Although many use Office for everyday word processing and number crunching tasks, there’s a substantial contingent of customers who live and breathe the presentation leg of Microsoft’s productivity tripod, which has finally made an impressive (though somewhat handicapped) transition to mobile. Together with Word and Excel, PowerPoint for iPad makes up Microsoft’s newly mobilized Office trilogy. This trio of apps features a touchscreen user interface often slicker than their desktop equivalents, but more importantly, documents can be opened and edited with complete confidence that they’ll look exactly as they do on Mac or PC.
Editing or sharing files from iPad requires a monthly or annual Office 365 subscription—otherwise, PowerPoint is little more than a document viewer. At a minimum of $6.99 per month or $69.99 per year, it’s an expensive proposition, especially for occasional users whose only computer is an iPad. When viewed as a complement to an existing Office 365 subscription, however, PowerPoint for iPad delivers a lot of bang for the buck, with an intuitive, streamlined set of tools for creating or editing presentations on the go. The only real exception is when the app winds up being hamstrung by iOS file management restrictions.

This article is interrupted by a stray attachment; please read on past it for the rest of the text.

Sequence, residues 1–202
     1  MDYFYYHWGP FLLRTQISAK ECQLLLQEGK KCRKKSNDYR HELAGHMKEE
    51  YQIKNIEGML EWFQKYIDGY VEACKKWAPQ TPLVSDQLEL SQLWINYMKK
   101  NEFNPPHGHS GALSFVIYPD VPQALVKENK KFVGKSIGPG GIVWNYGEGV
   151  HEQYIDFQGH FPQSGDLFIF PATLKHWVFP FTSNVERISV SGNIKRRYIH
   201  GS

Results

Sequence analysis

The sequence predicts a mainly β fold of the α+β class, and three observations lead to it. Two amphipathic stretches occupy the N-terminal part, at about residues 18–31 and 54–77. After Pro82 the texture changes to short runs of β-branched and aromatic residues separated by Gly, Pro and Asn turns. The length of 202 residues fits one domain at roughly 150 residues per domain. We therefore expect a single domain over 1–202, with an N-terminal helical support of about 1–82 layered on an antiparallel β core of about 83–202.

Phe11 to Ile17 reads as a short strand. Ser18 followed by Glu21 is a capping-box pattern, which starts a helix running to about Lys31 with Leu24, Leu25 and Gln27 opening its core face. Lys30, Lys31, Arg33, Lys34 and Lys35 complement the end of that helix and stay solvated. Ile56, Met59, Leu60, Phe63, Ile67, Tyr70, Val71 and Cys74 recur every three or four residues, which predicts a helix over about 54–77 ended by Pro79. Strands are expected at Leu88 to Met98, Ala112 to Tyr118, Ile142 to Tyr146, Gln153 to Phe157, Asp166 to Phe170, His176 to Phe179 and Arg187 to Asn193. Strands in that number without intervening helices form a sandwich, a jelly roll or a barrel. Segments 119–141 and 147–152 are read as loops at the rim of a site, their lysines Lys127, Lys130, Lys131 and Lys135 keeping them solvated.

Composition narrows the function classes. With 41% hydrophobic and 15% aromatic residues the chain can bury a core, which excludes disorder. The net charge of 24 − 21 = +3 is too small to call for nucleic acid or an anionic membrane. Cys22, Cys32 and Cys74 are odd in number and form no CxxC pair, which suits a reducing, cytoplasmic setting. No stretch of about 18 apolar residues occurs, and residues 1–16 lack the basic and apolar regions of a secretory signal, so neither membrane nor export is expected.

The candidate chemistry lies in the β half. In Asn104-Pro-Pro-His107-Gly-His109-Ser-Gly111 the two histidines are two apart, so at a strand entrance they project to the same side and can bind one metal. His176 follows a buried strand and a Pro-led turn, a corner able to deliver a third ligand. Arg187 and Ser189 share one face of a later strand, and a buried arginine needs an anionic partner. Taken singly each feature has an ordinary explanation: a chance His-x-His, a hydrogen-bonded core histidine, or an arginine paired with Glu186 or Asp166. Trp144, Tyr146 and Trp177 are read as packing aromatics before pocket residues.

For example, images from iPad photo albums (including Camera Roll and iCloud) can be imported with ease, but content stored elsewhere is strictly off limits—including OneDrive, which is otherwise the only cloud storage option available for saving files. Microsoft bundles a generous quantity of fonts, shapes, and templates into a 215MB download, but power users will find the lack of clip art, animation, and audio/video playback limiting compared to desktop versions.
PowerPoint also isn’t nearly as robust as Apple’s Keynote when it comes to playing completed slideshows. While lecturers can scribble notes using a virtual pen or call up a simulated laser pointer, the app lacks any kind of true presenter view, and AirPlay support is frustratingly limited to mirroring only for now.
The bottom line. PowerPoint for iPad succeeds at making presentations finger friendly, but Keynote blows this app out of the water when it comes to actually showing them.